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Published: 2004-05-05 00:00:00

A new late-night bus service for Hamilton City has had a slow start.

Late-night buses are being trialled in the city for three-months with funding from Hamilton City Council. This week's Regional Passenger Transport Subcommittee heard that the service began on April 16 and on the first weekend 22 people used the service on Friday night and 35 on Saturday.

While the numbers were low there were some problems with access to the designated bus stop for the service and the city was fairly quiet, due to Easter and school holidays.

Three bus services operate - one to Claudelands, Fairfield and Chartwell at 1.30am, one to the hospital and Melville at 2am and one to Frankton, Dinsdale and Nawton at 2.25am. People can be dropped near shops or where taxis are available, as some taxis don't operate in the central city late at night.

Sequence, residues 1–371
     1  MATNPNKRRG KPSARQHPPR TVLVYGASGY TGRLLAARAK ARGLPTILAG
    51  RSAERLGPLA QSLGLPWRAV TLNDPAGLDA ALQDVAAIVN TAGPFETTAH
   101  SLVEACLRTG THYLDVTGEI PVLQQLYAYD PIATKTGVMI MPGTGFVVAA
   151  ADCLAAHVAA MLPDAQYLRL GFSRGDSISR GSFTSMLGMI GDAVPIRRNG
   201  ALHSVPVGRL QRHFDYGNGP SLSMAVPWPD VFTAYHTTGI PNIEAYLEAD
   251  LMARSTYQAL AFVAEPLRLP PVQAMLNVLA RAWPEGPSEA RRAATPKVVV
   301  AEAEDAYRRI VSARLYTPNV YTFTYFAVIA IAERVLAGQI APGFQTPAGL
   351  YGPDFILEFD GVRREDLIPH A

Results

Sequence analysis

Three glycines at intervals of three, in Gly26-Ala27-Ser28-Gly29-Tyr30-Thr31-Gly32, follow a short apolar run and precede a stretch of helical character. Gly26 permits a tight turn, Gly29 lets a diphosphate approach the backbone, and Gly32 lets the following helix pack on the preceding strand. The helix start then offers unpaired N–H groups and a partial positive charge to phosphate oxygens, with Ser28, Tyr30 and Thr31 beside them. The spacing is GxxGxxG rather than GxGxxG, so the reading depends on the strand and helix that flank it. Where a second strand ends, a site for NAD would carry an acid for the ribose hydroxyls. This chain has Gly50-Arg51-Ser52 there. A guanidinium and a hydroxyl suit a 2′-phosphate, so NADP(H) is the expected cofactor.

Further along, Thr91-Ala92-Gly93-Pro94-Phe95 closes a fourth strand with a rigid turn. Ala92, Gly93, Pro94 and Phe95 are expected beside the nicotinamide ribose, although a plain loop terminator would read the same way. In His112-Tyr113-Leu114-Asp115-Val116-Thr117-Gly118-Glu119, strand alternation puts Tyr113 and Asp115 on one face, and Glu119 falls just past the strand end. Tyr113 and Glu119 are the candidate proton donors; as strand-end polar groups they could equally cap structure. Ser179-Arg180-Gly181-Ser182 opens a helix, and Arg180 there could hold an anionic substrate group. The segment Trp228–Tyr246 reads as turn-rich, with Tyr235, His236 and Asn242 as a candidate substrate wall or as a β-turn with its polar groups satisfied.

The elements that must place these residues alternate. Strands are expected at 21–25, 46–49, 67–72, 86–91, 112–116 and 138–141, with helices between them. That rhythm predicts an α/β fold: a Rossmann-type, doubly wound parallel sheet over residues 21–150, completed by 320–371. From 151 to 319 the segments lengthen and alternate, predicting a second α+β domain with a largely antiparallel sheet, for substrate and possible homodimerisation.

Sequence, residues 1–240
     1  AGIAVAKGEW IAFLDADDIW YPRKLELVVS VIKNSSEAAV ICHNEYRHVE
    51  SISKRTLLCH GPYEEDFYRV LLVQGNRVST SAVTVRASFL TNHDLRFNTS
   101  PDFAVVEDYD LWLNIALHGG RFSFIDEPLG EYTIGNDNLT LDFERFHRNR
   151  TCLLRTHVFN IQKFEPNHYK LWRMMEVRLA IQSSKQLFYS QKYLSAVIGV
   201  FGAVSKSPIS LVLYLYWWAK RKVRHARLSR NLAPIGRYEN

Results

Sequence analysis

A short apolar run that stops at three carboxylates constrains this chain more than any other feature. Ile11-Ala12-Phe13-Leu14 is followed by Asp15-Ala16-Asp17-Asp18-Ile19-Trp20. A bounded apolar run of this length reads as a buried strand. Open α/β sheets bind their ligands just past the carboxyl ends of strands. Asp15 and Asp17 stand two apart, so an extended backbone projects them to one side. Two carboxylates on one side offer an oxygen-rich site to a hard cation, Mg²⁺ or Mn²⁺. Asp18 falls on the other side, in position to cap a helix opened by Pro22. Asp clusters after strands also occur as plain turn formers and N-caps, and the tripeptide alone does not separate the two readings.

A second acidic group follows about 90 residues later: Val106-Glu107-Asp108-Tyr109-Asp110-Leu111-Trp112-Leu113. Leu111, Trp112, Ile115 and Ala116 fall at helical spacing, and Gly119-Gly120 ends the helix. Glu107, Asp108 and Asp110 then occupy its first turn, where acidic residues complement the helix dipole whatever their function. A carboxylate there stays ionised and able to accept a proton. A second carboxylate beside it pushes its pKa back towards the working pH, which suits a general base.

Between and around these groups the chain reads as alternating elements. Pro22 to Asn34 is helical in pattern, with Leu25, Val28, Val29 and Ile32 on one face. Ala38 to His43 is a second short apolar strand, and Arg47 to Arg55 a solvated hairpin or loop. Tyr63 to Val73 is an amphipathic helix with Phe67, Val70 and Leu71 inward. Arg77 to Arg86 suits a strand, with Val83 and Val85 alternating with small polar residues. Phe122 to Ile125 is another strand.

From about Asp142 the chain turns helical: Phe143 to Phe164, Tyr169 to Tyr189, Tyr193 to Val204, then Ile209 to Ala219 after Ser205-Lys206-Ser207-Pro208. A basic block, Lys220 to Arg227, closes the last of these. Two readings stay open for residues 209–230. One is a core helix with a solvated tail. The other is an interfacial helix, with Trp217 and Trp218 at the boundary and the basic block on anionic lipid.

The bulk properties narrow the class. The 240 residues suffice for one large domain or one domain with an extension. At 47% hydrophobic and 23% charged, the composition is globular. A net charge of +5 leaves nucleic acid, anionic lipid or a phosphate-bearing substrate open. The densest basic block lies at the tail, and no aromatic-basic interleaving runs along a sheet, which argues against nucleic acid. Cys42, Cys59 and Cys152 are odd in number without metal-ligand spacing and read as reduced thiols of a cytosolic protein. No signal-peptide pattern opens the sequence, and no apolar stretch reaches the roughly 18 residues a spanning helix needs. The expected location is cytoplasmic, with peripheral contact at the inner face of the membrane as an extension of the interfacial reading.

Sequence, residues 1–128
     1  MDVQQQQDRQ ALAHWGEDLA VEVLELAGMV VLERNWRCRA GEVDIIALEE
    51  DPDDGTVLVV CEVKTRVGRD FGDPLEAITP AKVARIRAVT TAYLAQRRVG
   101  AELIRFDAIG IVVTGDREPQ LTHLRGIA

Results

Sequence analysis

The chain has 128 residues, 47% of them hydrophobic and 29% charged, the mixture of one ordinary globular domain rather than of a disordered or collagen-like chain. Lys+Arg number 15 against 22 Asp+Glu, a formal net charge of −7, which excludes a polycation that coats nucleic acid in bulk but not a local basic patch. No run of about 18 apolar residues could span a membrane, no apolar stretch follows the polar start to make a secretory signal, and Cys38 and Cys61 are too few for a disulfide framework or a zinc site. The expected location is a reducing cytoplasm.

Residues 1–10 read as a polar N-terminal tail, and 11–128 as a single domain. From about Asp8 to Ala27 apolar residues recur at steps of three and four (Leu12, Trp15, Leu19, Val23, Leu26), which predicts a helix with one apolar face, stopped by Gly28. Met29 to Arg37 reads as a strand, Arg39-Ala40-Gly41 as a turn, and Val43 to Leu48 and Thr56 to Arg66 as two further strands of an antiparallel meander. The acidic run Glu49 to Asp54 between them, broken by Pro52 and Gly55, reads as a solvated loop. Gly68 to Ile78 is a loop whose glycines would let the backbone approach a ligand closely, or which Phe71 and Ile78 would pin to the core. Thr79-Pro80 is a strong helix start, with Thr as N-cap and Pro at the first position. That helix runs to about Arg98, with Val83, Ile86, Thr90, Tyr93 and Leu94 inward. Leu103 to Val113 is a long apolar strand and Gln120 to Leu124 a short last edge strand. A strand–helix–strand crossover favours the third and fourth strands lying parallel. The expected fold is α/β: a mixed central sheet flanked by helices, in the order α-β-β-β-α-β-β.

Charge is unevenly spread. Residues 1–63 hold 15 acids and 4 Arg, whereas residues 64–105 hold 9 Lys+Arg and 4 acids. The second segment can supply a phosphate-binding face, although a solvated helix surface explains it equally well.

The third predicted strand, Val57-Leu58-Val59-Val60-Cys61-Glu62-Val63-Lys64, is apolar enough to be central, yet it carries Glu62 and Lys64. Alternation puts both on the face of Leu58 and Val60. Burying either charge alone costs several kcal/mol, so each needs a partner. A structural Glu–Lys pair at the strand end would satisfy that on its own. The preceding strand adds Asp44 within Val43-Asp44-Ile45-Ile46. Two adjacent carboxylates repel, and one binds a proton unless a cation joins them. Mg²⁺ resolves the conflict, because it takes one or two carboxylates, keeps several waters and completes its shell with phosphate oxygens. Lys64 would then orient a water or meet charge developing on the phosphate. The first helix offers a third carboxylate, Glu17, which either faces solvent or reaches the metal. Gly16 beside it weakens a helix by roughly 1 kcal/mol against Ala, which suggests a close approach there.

Cr Paula Southgate asked how the council could get commercial establishments to participate in the service. Most passengers were going to Hillcrest and Chartwell with a few going to Glenview.

“Most people don't want to go home until the bars shut and we should be working with these bars on a service."

Environment Waikato and Hamilton City Council have now formally approved senior citizens fares and an application to Transfund to increase the concessionary fare programme had been approved.

A Concessionary Fare Committee will be convened of Environment Waikato councillors and staff, user group representatives and transport operators, which will decide on the level of subsidy to be paid above the concessionary fare of $1.

The fare would operate between 9am and 3pm, and users would use a Busit card which would give the senior citizens fare only on off-peak periods. At other times the card could be used with normal discounts and cash fares.

The cards would be available from July 1.